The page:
Pressure is mounting from some scientists for Europe to end its resistance to genetically modified (GM) crops but fears remain about the impact of such technology on the rights of farmers. [...] The problem is that GM pollen can blow across fields and anti-GM campaigners say the fear of being prosecuted for growing GM accidentally leads many farmers to give up traditional methods and take the GM route for a quiet life. David Runyan, who has 400 hectares in eastern Indiana where he grows maize, wheat and soybeans, says he feels intimidated by the tactics of the biggest GM seed firm, Monsanto.

2009-02-18 |

Continued support of public non-GE seed research is essential in the USA

A concern over consolidation in the seed industry was raised at the recent North Dakota Grain Dealers Association convention. The worry is that as more seed research falls to private companies, with much of that work being done in the biotech area, those growers who opt for non-GMO crops will soon see a disadvantage in seed potential. Leland ”Judge” Barth, speaking on behalf of the non-GMO growers and producers who grow crops where biotech properties aren’t allowed, voiced concern that as seed breeding research becomes more concentrated in fewer private companies conventional seed varieties could have limited access to some of the traits developed for genetically modified varieties.

2009-02-18 |

Nigerian farmers sell non-GE striga-resistant maize

Nigerian farmers who tested new maize crops resistant to the widespread Striga plant parasite are so enthusiastic about their increased crop yields that they are selling more seeds than the official distribution channels. The crops were developed in the Nigerian laboratories of the International Institute for Agricultural Research (IITA). They dramatically cut maize losses from the root-infecting Striga, or witchweed, during two years of trial cultivation by farmers in Borno State in northern Nigeria.

2009-02-18 |

South African NGO acted for public good, costs case told

THE Pretoria High Court had failed to take into account that Biowatch was litigating in the public interest when the court ordered it to pay the legal costs of a private company in the business of genetically modified organisms, the Constitutional Court heard yesterday.
Biowatch, a nongovernmental organisation (NGO) working in the field of biodiversity, was appealing against the 2005 order by acting Judge Eric Dunn, who ruled in favour of Biowatch in its request for information on genetically modified organisms but ordered that the group should not receive its costs from state respondents.

2009-02-18 |

Location of GE crop trials must be released to public, European Court says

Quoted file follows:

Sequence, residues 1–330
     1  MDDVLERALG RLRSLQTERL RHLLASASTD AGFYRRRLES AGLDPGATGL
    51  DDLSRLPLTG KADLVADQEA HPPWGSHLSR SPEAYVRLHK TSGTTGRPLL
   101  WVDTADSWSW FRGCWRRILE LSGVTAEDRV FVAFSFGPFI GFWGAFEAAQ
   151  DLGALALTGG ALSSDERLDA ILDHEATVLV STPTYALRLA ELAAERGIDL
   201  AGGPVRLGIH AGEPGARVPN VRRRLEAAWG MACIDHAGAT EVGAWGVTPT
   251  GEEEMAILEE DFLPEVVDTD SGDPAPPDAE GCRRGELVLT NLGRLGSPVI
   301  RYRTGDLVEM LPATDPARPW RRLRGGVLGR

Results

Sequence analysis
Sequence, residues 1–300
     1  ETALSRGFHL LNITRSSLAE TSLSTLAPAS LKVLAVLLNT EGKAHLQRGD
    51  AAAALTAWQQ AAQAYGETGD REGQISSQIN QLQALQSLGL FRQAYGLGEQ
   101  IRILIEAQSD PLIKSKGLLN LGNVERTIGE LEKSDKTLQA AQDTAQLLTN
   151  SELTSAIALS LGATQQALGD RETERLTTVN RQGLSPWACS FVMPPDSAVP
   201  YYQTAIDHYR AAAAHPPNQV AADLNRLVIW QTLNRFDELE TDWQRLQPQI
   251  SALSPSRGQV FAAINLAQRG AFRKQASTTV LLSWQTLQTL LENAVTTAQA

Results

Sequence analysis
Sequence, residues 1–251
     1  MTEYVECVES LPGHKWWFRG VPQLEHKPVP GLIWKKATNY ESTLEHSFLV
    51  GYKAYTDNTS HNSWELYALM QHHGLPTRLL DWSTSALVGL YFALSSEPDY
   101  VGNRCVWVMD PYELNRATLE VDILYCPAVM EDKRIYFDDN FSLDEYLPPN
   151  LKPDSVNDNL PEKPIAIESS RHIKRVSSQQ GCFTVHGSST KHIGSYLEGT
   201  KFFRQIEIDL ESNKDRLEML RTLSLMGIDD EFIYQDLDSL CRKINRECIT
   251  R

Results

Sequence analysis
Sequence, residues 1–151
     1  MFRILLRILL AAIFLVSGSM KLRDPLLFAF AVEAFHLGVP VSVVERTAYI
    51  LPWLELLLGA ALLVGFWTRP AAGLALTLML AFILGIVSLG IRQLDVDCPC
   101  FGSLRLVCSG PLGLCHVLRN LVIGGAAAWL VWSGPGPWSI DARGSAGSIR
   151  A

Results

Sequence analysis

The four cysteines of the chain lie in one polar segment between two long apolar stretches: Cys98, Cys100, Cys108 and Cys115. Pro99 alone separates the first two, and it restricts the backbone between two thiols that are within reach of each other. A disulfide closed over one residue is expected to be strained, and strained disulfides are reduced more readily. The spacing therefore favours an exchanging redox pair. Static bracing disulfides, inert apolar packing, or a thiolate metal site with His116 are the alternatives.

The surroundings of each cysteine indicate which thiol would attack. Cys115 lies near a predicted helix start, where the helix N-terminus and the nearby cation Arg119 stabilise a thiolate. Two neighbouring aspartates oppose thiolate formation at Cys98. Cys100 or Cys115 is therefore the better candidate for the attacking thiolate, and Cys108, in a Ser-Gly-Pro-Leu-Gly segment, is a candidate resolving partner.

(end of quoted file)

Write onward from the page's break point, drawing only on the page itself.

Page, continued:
The EU’s highest legal body, the European Court of Justice, has ruled that the public must have access to information about location of genetically modified crops. It’s the latest decision on a very controversial issue. [...] ”The right of public access to information applies to releases of genetically modified organisms,” the ECJ said in its decision. ”The information relating to the location of the release can in no case be kept confidential.”

2009-02-17 |

Poland grows most GMO foods in EU

Poland is amongst the most prolific growers of genetically modified foods in the European Union [...]
The year 2008 saw about three thousand hectares of land used to grow plants for GMO food production – nine times as much as in 2007. The Polish government, who stands vocally against the production of GMOs, has admitted that it does not control the situation, as there are no current regulations enabling the crops to be monitored.

2009-02-17 |

EU foiled in bid to force France, Greece to allow GM crop

The European Commission was foiled Monday in its bid to force France and Greece to allow genetically modified maize from US biotech giant Monsanto to be grown in their fields. Food chain experts from the EU member states, meeting in Brussels, could not reach agreement on whether to back or oppose the French and Greek refusal to allow the maize, which has been given the green light to be grown in Europe. The standing committee on food chain and animal health ”failed to reach a qualified majority in favour or against,” the commission said in a statement.

2009-02-17 |

Anti-technology activists score One in Europe

The emotionally charged controversy over genetically modified (GM) foods reached the highest level of European bureaucracy today. And a few hours ago, the first wire reports came through with the bad news: Despite widespread objections from the scientific community, France and Greece will remain free to prohibit their farmers from taking advantage of GM plant technology. At least for now. [...] As a number of British scientists have pointed out in recent months, biotech crops have incredible potential to address global problems such as food shortages, chronic disease, and climate change.

2009-02-17 |

Biotech industry signals new effort to win EU acceptance for GE crops

The biotechnology industry, claiming the backing of European Union governments, signaled a new effort Monday to win greater leeway to grow genetically modified crops in Europe, a region where citizens have long been skeptical about the safety and value of the technology. [...] Biotechnology industry executives say that a bigger vote expected next week could lead to two additional engineered corn seeds being given permission to be marketed in the EU by year-end.

2009-02-17 |

Australia may sell transgenic canola to Japan